Imagine yourself in a multiplex movie theater. Curiously, no walls separate the half-dozen theaters that form the multiplex. Miraculously, you are watching six different screens all at once, thoroughly understanding and enjoying every scene, word, character.
Welcome to ADHD.
[You in the Real World, be sure to click on the red underlined hyperlinks!]
If you’ve read “ADHD Powered” for any length of time, you may remember my earlier misadventure with cows and vitamins.
Talking ’bout the disaster with the pill-popping gun? laughs Screen Four, knowing full well that’s the exact reference I make.
So it really shouldn’t surprise you to find me a handful of years later driving my company’s spanking new Chevy S-10 truck across a thousand lush acres of pastureland, honking at all the grazing cows and laughing at their sluggish responses.
“Driving in and around these cows will make them nervous, Black,” says co-pilot and neighbor Dan Plotner. “Then the bulls get restless.”
Seems OK to me, replies Three. Maybe they think your truck’s just another cow. You both have horns.
The two of us are heading for the thickly forested woodlands just beyond the pasture. Dan’s boss, who owns this 11,500-acre wildlife refuge, gave his employee permission to cut up some of the downed trees. But Dan doesn’t own a truck, so he’s particularly grateful I’m helping him secure several cords of wood for the next cold, wet, Washington State winter.
Though I continue lazily cutting through cow crowds despite Dan’s advice, Dan – fully aware he’s getting free use of my vehicle – is not eager to speak up and risk offending me.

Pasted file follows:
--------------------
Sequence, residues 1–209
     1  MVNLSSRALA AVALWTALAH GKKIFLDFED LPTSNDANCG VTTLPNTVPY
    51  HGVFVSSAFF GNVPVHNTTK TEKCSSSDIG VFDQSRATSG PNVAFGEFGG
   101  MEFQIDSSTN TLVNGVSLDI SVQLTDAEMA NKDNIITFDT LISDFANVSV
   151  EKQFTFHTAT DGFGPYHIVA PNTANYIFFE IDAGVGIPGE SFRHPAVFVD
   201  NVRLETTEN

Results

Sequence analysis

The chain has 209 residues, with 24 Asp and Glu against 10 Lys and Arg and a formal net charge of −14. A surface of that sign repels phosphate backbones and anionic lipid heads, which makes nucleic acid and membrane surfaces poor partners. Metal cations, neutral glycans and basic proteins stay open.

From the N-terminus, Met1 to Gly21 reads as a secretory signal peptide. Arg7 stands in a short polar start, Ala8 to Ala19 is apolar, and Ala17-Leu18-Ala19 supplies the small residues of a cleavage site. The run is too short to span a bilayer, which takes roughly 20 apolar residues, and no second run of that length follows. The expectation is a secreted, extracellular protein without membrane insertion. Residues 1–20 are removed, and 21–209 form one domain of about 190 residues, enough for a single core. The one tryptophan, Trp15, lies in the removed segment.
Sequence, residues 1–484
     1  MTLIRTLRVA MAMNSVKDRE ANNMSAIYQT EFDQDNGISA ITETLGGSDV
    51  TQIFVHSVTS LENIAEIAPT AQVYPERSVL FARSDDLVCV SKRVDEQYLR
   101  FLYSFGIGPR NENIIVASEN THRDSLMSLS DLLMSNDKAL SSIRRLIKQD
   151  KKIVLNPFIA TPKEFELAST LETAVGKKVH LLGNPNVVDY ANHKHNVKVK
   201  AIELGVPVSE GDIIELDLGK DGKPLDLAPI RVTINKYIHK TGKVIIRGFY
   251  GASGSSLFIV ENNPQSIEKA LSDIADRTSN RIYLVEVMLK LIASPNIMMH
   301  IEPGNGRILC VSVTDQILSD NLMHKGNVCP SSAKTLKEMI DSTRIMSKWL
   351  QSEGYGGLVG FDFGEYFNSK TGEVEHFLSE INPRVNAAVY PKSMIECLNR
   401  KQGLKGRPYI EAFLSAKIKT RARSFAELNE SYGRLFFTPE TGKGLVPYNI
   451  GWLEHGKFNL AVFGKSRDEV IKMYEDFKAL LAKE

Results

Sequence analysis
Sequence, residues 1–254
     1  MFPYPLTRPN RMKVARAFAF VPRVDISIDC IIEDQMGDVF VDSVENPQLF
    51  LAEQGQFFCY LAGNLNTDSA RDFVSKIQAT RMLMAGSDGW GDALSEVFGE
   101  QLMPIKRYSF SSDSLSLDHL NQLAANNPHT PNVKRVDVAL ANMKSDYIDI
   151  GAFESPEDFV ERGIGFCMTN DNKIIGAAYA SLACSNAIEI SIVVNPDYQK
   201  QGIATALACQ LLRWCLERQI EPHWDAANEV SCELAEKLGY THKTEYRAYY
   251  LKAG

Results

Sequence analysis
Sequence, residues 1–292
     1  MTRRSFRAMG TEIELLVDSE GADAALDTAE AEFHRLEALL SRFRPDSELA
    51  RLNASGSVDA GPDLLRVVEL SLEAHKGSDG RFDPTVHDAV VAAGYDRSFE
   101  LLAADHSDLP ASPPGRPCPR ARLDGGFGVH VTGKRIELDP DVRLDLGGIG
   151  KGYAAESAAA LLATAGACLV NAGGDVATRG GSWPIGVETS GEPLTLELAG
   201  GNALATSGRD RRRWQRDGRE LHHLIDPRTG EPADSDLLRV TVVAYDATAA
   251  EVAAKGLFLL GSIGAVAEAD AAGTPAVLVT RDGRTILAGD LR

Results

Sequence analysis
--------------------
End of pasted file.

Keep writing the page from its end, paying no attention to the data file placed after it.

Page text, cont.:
We can be offended? asks One in surprise.
Eventually, however, self-preservation overcomes social hesitation.
“Think we’re starting to spook the cows,” Dan says softly, as if that mutes the offense factor. “Makes the bulls restless, Black.”
Deep inside an ADHD-gifted mind, a warning starts to form. But it yawns, rolls over, sleeps again.
“You may have noticed there are dozens of dairy damsels out here, Dan.” He nods. “Well, there’s no yellow brick road leading to the forest, so I have to drive in the field. Is that such a bad thing?”
No problem here! reports Six, scanning the sun-splashed horizon as cattle skedaddle before our slow-moving pickup.
Dan nervously clears his throat. “Hey,” his voice quietly echoes off the windshield and into my ears, “it’s really not good to get the ladies worked up.” More words are carefully weighed, briefly withheld, then breathed into existence. “Makes the bulls restless.”
Does he have a memory problem? wonders Two. He just said that.
Relax, Black, soothes Five. You’re the superior being, the intelligent creature, the guy in control. And you’re in a truck. What could possibly go wrong?
Our snail’s pace already unbearable, I slow even more as we come upon a small but unmoving knot of cows.
Gently, we play Moses, prompting them to part left and right, giving us an unexpected but breath-taking view of –
The Behemoth! gasps Two.
“That,” says Dan, “would be the nervous bull I mentioned.”
Truck hemmed in by the ladies, I roll right up to the massive male, ghostly in his white hide. Dan’s breathing shallows as the bull shakes his head, stamps his foot, snorts mightily and stands his ground. A blast on my horn spooks him. Dan jumps, too, and grabs my arm. “We should go,” he says, looking at me with intensity. “I mean, really. We should.” His lips mouth “go.” Silently, as if vocal cords desert in desperation.
Remind Dan who’s running this show, commands Six while we watch the beast stumble, regain footing and trot toward the small hillside just beyond us.
With setting sun brightly filling my eyes, six screens and I miss the huge bull’s 180-degree spin in the air atop the ridge. “Fabulous,” Dan later tells me.